Updated Assumptions

    The current situation in both bimodal and unimodal areas continues to be stable, and  the assumptions used to develop FEWS NET's most likely scenario for the period of April to September 2013 remain valid. A full discussion of the scenario is available in the January to June 2013 Food Security Outlook.

    Projected Outlook through September 2013

    Stable food security outcomes will continue in most of the country, although household food stocks will decline seasonably until the first main harvest in June/July. Reduced market supply combined with sustained local and regional demand for food staples will continue to gently increase food prices across markets in line with seasonal trends until significant new supplies replenish stocks. Already some green harvest and consumption of beans is available on the market from farmers who planted early, particularly in the wetter low lands of Eastern Uganda around the Lake Victoria basin and South Western Uganda. Prospects for first season harvests from other staples, such as maize, cassava, sorghum, irish potatoes and bananas, are expected to be favorable. Pursuit of normal seasonal livelihood activities and average income levels triggered by the rainy season will allow the continuation of IPC Phase 1 Minimal food insecurity (Figure 2) in the majority of the country.  In Karamoja, food security outcomes will remain unfavorable with more than 20 percent of the households in IPC Phase 2: Stress, having absorbed negative coping strategies for 2-3 additional lean months of increased market dependence despite atypically low income levels.  IPC Phase 2 levels of food insecurity are expected to continue through the end of the lean season in June/July and ease into IPC Phase 1 Minimal levels in August as households consume green harvests.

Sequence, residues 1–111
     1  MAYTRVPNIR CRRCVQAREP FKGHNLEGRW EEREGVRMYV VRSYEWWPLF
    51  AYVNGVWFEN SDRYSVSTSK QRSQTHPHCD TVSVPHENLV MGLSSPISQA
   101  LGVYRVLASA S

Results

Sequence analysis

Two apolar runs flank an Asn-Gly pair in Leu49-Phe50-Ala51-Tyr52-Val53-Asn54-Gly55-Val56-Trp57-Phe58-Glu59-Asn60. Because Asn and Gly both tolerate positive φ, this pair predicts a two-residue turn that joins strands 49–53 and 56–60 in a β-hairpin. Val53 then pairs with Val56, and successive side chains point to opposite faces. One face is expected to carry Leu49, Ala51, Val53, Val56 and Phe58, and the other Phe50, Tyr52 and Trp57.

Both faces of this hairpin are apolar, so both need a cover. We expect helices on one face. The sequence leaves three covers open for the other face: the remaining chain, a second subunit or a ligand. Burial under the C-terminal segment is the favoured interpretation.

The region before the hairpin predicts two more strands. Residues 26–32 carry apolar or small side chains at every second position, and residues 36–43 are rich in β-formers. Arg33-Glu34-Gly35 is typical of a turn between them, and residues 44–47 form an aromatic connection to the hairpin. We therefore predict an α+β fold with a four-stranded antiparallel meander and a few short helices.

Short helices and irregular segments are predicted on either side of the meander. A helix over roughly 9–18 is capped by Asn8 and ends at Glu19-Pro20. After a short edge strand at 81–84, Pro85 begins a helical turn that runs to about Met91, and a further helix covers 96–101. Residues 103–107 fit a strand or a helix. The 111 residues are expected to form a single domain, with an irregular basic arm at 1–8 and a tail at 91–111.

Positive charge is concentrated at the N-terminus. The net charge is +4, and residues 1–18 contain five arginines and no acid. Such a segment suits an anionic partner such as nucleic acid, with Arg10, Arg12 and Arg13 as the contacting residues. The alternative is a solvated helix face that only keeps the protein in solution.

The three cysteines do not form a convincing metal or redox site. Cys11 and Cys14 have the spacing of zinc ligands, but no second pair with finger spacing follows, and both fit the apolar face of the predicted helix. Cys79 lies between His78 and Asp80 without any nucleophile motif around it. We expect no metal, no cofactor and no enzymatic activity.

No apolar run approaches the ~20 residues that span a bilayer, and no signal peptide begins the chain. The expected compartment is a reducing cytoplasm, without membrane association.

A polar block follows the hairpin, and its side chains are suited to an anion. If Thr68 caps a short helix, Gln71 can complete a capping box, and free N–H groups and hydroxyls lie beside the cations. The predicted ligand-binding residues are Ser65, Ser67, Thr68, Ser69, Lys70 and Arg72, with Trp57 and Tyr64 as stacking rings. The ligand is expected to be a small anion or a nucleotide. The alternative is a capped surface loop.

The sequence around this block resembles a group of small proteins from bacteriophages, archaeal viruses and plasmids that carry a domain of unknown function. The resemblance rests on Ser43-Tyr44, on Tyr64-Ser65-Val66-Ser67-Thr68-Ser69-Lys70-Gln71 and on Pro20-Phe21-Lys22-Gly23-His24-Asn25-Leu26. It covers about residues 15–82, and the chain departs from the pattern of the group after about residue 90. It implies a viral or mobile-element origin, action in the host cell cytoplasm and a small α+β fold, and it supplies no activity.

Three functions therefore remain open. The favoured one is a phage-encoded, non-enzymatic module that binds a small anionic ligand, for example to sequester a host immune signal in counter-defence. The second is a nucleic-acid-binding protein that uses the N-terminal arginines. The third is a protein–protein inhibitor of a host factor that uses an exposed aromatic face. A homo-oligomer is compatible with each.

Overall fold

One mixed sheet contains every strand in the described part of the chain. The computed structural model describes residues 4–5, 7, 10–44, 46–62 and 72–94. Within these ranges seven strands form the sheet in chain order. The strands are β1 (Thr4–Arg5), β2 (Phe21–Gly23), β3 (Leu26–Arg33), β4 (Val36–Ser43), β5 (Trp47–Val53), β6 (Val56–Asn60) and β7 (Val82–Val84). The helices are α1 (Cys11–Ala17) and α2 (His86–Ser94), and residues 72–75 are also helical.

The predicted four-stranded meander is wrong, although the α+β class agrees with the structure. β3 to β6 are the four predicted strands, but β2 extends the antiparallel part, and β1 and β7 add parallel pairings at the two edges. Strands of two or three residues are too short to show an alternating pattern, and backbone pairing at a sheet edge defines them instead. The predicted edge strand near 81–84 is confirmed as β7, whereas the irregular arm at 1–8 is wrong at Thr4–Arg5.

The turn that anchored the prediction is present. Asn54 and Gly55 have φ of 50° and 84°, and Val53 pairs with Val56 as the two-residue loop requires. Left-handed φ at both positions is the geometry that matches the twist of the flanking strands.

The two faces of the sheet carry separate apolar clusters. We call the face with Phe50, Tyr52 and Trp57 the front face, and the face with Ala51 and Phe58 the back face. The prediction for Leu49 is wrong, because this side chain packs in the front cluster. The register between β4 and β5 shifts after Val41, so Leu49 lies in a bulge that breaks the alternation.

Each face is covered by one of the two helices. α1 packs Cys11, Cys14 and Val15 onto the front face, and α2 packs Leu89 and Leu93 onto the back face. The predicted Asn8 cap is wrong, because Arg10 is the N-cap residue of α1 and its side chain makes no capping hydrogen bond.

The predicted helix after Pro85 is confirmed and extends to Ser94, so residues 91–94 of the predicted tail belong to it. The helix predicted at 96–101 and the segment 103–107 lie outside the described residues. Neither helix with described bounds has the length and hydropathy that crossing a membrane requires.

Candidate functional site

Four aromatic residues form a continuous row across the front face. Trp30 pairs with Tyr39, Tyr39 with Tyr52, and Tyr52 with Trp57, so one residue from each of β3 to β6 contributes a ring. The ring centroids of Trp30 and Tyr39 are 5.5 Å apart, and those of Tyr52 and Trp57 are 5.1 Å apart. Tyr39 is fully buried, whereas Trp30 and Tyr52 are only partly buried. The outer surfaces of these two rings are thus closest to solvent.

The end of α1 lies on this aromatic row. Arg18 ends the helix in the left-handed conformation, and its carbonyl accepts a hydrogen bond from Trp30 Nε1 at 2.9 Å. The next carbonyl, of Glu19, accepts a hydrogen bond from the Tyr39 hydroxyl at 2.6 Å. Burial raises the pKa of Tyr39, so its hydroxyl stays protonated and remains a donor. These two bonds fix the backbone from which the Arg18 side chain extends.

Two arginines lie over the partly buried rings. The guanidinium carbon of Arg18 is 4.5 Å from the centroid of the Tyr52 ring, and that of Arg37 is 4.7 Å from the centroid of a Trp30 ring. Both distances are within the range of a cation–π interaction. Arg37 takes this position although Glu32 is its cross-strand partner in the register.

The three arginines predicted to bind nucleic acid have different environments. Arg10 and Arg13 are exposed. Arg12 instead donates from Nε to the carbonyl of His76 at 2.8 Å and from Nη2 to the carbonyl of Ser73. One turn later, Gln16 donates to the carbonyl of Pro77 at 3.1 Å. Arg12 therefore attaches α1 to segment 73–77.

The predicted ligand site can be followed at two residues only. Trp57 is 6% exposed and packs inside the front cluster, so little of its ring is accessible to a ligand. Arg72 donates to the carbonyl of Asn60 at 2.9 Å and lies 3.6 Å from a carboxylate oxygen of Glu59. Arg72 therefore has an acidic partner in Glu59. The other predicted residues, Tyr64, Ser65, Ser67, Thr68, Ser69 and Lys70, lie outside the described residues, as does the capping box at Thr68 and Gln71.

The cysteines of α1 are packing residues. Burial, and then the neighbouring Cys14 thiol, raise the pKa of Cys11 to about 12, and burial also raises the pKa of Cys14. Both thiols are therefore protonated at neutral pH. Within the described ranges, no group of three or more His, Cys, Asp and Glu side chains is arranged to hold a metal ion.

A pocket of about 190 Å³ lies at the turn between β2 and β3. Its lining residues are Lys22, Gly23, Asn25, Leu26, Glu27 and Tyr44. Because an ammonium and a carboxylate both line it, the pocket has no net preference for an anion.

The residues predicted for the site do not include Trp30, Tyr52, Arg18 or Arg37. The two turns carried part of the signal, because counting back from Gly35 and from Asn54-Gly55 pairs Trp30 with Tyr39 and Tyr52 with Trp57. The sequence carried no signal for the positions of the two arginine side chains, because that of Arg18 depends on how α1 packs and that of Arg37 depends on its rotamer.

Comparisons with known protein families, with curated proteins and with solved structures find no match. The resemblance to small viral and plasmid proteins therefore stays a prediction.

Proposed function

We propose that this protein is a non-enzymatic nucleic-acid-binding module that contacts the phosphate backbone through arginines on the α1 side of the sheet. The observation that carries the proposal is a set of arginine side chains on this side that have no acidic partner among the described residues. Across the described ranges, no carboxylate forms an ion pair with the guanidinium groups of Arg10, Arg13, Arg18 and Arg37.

This Food Security Outlook Update provides an analysis of current acute food insecurity conditions and any changes to FEWS NET's latest projection of acute food insecurity outcomes in the specified geography over the next six months. Learn more here.